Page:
Leerfish or Garrick - Lichia amia
We had been trying for a long time to film Leerfish or Garrick – Lichia amia – one of the most beautiful and most elusive Carangidae endemic to the Mediterranean Sea. It is a pelagic species but, like all carangids, Leerfish usually approaches the coast at the beginning of June, disappears, returns at the end of August until October.
In the video we met her during the final phase of a storm, when the large carangids of the Mediterranean (Learfish and Amberjack) approach the coasts in search of food, this is why their elusive nature allows them to be spotted by divers only for a few moments and then disappears into the blue.
Leerfish (Lichia amia) is a saltwater predatory fish belonging to the Carangidae family.
Distribution and habitat
This trevally is encountered throughout the Mediterranean Sea and in the eastern Atlantic between the Bay of Biscay and the African coasts. It is a pelagic species but has coastal habits, at least in the summer. It does not hesitate to venture into the brackish waters to hunt the mullets of which it is greedy and going as far as the mouths of rivers and port waters.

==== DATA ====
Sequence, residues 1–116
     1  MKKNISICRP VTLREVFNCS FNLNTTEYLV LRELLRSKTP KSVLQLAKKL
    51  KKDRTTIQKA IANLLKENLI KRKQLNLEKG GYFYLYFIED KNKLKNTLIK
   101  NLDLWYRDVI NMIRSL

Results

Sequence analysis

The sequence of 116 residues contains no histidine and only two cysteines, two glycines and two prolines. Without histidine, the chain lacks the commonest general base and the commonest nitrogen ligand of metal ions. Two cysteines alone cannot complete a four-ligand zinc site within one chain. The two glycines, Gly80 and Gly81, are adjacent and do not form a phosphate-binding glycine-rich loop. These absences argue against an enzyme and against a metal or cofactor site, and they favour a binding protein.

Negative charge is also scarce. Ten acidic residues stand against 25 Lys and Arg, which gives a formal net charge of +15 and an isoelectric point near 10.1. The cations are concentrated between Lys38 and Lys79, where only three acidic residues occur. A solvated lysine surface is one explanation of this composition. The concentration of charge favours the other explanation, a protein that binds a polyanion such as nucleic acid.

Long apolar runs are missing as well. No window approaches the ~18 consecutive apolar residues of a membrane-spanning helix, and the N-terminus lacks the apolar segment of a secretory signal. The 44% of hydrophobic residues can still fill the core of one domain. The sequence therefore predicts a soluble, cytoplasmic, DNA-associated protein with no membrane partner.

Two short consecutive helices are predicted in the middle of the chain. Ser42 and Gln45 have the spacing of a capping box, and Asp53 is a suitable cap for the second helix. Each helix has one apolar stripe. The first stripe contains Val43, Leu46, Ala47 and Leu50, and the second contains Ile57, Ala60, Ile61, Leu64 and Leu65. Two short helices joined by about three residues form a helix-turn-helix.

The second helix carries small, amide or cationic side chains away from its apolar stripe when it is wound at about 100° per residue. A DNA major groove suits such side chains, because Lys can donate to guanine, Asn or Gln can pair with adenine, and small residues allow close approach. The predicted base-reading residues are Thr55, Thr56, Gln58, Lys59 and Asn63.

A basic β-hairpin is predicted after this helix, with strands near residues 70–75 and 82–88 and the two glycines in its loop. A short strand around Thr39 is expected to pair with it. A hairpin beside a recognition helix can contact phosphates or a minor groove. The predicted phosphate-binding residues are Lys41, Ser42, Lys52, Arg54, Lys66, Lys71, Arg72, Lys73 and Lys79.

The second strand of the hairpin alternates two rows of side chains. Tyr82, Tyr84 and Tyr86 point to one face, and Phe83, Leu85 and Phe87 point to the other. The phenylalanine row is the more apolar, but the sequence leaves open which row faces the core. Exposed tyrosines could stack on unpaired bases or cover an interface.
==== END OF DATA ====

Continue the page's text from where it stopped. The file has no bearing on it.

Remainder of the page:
Lichia amia has a laterally compressed body with a lozenge shape and characterized by a head in small proportion, with a very large mouth. The pectoral and ventral fins are quite small while the anal and second dorsal fins are opposite and symmetrical. The first dorsal fin is reduced to a row of small spiny rays, the caudal fin is falcate. The lateral line has a striking downward curve just after the pectoral fins.
The livery is greenish-grey on the back and characteristic pearly white on the sides; the fins are dark, sometimes with white edges. It reaches a maximum length of 2 meters, for a weight that can approach 70 kg.
It is a gregarious species, the young often gather in large herds.
It occurs in spring-summer in coastal waters. The eggs are pelagic.
It feeds on fish and cephalopods it catches on the run.